It's 7-3 at half. Auburn has been absolutely dominated by Mississippi State for 30 minutes. Still, it finds itself down by just four points going into the locker room. It gets the ball to start the second half. Onterio McCalebb returns the opening kick 100 yards for a touchdown. And somehow you now find yourself ahead 10-7. And you can't find the gumption, the desire, the want-to, the balls to prevent Mississippi State, the Bulldogs, the team from Starkvegas from reeling off three unanswered touchdowns? How does that even happen?

Same thing happened last week, just not to the extent -- you find yourself leading Clemson 16-13 in the fourth quarter. And you're simply owned.

That is a problem. I don't know how to fix it, and that's why I'm not paid to fix it. But to have a chance to win and to just quit is incredibly troubling. More so than inefficiencies at the two aforementioned positions, more so than an offense I still don't think we understand, more so than a defense that I think isn't as bad as people want to blame.

There's no leadership, there's no heart, there's no drive. Until that's found, it's not getting better. That is a promise.

4. The rest. I spent a large part of the rest of Saturday taking naps. From what I scanned across, I wonder if Alabama is flawed or if Nick Saban reels this team in to provide teachable moments. From precedent, I have to assume it's the latter. I think Texas A&M and Missouri, while losing, proved they are much closer to the rest of this league than we wanted to believe. Missouri didn't compete at the end, but for the majority of the contest, it felt like it belonged.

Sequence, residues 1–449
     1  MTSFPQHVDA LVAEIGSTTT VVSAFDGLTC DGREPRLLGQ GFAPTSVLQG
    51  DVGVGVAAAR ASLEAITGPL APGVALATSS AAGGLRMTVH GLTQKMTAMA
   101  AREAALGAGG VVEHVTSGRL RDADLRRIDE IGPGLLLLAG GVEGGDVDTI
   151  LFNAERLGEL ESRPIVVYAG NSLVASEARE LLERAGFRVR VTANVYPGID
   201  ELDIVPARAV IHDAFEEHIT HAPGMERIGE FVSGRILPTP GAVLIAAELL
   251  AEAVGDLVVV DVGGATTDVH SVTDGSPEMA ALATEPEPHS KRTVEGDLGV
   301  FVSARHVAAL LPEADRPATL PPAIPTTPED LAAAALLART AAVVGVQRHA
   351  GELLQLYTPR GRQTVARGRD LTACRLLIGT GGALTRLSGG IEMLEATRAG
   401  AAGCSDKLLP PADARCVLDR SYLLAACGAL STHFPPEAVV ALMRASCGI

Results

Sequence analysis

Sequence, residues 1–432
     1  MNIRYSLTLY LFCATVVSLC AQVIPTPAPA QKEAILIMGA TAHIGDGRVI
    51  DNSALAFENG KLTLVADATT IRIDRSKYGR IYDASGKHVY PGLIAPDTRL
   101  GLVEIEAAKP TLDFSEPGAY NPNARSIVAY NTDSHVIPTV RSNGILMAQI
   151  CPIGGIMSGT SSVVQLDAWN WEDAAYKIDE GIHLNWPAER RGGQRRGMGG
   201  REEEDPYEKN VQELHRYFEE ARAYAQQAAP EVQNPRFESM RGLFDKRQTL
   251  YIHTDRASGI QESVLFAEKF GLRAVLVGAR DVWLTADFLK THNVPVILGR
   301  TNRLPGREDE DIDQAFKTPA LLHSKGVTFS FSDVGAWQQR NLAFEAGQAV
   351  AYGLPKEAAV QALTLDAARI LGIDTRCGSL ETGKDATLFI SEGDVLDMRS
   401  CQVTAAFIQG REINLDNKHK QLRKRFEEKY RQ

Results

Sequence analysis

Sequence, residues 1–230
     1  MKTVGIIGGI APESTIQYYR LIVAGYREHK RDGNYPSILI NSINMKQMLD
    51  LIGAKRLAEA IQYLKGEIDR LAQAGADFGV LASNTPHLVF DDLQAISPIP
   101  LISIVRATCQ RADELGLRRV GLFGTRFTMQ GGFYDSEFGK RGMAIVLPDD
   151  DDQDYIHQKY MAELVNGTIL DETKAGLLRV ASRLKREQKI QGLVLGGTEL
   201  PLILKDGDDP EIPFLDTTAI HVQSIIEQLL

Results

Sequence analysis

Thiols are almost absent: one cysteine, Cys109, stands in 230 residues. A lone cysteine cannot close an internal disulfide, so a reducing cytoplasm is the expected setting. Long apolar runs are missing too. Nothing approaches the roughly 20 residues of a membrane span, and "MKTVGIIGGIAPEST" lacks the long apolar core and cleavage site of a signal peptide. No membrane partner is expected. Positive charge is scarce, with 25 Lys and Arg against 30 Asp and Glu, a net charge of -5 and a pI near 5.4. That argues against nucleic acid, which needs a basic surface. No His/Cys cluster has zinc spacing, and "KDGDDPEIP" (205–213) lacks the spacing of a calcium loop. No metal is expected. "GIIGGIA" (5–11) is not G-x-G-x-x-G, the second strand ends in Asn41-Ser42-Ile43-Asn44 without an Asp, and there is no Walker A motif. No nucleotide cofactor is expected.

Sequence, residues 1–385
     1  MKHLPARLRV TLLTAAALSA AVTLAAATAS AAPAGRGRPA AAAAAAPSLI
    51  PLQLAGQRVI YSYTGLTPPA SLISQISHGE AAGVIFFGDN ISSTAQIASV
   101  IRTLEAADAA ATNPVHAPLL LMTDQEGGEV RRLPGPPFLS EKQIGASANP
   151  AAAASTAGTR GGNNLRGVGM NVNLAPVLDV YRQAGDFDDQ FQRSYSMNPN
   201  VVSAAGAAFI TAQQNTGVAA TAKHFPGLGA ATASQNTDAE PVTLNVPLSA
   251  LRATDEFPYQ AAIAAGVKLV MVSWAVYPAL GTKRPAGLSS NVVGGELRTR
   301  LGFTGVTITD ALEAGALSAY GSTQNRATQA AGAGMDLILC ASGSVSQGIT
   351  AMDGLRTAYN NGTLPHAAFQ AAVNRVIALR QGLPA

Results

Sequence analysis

The Yell Practice/Yell Leaders thing is super kooky bizarro land. There's never going to be a time it's not weird. Texas A&M felt much more like it belonged in the conference in the offseason. Mostly because of geography. But I don't think I'm ever going to be able to accept this as normal.

That's about all I observed outside of the Auburn game. I had the fortune of spending the evening with one of my dearest friends as we celebrated her birthday at The Nick. There were televisions on football, but after that morning, it didn't really seem important. I'll circle back around to Auburn in closing:

If something drastic doesn't change in a very short amount of time, LSU and Alabama will actually hurt people on this team. And I'm not exaggerating even the slightest. Strap in for a long season, stop to smell the roses and enjoy the company around you. Because you aren't going to have much to celebrate and the drinking is going to be a salve for pain, not an enhancement for the good times. Pace yourself. Throw a water in every now and then. Start the day with coffee. Keep aspirin in the cabinet. Don't set an alarm on Sundays. Godspeed.